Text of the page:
New Thresholds Will Help Reduce MSME Dues, Experts Say
The revised thresholds announced by Finance Minister Nirmala Sitharaman for classifying industries as micro, small or medium enterprises will result in a higher number of businesses qualifying for the safeguards under the MSME law.
This means a larger universe of companies must ensure timely payments to such micro and small vendors or risk attracting penal interest prescribed under the law, experts said.
Nirmala Sitharaman has announced several measures for the MSME sector under the Prime Minister’s Atmanirbhar Bharat Abhiyan--a financial package to help restore economic growth and make India self-reliant.
According to the revised classification, businesses having investments below Rs 1 crore and turnover below Rs 5 crore will qualify as a micro industry, while businesses having investment and turnover up to Rs 10 crore and Rs 50 crore, respectively, are classified as small industries.
Any eligible business which registers itself with the specified authority is safeguarded under the law. Section 15 of the MSME Act says that a buyer must make payments within any contractually agreed time or 45 days from the acceptance of goods or receiving services from a micro or small vendor. Failure to do so attracts compound interest at three times the bank rate notified by the Reserve Bank of India.
The intent of the MSME Act is to protect the interests of small industries and courts have even extended relief to them even when they have failed to meet procedural requirements, Sameer Jain of PSL Advocates and Solicitors, said. Two years ago, in the Ramky Infrastructure case, the Delhi High Court had extended benefits under law to the company’s vendor even though it was an unregistered MSME, he said.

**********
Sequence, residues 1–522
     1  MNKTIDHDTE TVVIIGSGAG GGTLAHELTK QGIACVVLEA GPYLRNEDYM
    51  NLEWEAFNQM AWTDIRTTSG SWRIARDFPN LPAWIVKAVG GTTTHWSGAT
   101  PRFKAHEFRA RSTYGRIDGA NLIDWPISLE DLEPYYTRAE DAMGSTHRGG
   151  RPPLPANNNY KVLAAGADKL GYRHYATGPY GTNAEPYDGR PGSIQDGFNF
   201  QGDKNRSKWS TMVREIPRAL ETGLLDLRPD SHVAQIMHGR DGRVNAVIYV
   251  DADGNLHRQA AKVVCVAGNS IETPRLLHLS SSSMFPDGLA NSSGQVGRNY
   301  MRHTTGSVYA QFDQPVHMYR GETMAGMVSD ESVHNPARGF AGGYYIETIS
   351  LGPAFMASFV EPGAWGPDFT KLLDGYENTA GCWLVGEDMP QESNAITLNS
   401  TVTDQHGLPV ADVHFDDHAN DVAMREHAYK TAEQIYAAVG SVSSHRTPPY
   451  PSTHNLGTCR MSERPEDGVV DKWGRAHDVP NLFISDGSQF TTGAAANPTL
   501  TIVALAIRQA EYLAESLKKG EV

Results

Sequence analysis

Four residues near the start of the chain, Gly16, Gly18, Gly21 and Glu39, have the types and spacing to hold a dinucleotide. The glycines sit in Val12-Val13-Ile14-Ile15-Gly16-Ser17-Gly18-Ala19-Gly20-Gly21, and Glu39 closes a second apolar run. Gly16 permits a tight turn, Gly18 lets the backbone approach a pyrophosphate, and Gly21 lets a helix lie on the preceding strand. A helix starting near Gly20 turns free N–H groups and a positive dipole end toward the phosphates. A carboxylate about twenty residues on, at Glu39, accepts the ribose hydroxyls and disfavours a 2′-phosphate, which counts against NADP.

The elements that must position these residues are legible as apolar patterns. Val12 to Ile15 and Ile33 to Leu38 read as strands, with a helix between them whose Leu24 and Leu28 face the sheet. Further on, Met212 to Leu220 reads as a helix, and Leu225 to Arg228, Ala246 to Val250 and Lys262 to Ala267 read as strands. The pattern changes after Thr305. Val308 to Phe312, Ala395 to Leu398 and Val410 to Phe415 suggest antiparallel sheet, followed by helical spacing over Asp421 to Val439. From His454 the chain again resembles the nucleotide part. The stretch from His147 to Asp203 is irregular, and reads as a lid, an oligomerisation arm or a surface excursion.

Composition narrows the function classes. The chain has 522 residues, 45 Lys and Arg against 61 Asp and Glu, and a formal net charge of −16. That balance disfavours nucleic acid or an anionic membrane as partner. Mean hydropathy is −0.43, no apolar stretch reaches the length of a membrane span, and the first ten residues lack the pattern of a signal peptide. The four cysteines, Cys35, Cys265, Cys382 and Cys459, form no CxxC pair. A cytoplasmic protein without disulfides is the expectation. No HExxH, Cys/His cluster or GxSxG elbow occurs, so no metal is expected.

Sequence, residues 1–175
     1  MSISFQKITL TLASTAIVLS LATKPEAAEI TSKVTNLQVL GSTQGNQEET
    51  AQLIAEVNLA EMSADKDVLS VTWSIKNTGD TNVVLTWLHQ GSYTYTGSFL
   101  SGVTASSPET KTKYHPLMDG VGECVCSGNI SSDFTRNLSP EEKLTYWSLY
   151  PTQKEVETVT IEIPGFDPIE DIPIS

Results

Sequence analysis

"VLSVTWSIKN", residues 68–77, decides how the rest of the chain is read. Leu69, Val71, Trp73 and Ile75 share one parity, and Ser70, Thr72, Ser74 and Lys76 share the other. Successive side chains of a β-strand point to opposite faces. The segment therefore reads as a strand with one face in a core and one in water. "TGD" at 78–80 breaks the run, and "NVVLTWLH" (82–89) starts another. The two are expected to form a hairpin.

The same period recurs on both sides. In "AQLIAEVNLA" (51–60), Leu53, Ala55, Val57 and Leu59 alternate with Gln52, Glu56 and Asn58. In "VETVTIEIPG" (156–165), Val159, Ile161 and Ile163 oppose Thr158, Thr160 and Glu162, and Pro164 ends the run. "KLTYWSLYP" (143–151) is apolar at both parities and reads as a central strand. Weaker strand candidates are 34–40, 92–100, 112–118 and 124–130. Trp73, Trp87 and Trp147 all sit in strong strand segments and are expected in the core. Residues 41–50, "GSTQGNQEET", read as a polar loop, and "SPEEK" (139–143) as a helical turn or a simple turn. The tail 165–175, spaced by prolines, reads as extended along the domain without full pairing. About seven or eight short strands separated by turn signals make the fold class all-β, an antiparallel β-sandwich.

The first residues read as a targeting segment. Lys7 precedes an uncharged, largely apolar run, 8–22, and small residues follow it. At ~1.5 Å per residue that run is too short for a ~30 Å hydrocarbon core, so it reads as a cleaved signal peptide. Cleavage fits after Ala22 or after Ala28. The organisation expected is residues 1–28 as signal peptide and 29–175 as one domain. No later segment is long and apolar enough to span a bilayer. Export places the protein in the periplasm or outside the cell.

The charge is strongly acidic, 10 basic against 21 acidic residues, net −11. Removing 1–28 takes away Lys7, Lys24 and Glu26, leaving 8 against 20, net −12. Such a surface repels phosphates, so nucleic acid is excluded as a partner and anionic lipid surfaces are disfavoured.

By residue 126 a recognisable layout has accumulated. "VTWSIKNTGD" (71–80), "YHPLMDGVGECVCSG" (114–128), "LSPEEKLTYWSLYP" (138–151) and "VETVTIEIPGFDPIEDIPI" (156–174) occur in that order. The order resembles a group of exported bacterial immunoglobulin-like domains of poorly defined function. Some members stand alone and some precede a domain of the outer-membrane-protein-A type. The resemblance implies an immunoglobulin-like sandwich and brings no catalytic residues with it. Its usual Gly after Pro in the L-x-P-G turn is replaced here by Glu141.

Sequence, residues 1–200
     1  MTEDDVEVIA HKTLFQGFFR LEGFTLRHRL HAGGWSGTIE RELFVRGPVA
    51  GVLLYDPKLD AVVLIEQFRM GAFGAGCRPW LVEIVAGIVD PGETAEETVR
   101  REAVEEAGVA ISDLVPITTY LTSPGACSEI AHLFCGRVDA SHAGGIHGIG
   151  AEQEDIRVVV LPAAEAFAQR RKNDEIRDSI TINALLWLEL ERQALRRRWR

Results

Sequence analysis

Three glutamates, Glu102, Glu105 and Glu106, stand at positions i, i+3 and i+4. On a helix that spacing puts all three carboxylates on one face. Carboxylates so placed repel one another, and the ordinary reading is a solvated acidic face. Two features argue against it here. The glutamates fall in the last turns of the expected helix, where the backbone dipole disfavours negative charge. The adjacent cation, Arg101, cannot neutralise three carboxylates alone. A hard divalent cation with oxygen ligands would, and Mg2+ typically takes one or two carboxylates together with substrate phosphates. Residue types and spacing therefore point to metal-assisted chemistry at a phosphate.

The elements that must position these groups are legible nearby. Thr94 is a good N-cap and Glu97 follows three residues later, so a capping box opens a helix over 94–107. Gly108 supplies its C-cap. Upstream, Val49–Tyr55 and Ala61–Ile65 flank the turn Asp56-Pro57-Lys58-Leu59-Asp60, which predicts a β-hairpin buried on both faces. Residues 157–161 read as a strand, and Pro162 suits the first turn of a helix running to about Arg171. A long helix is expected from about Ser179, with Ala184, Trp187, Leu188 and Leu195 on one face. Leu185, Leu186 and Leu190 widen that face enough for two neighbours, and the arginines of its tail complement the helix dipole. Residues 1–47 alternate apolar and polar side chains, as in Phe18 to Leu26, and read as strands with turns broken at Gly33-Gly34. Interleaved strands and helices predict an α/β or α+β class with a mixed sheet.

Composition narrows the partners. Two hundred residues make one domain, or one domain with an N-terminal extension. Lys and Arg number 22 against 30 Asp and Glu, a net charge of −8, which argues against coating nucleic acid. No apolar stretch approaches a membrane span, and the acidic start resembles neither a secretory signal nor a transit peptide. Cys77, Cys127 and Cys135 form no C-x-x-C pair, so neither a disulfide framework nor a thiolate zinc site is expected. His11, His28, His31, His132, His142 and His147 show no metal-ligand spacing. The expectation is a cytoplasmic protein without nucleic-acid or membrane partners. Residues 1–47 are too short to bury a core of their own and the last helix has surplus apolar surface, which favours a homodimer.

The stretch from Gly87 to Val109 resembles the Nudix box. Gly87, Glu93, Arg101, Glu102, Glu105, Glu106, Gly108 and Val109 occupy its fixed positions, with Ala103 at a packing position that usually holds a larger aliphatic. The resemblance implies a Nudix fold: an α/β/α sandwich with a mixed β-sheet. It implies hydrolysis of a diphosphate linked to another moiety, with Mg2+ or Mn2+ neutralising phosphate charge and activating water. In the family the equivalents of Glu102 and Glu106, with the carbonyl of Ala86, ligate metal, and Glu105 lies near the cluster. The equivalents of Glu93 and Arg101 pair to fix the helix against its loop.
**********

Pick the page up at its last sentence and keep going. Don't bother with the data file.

Khaitan & Co’s Atul Pandey said the revised thresholds may lead to an additional stress on the books of large-sized companies if their volume of trade with MSMEs is significant as more number of enterprises would now qualify for the safeguards. However, large-scale enterprises generally honour payment deadlines as the payments to MSMEs are minuscule in comparison to their total business operations, he said.
Companies must be very proactive in servicing their debts to the MSME Sectors, Jain said.
Apart from timely payments, the law also says that companies must disclose any outstanding dues beyond the period of 45 days along with the interest payable in their annual financial statements under the MSME Act, he said.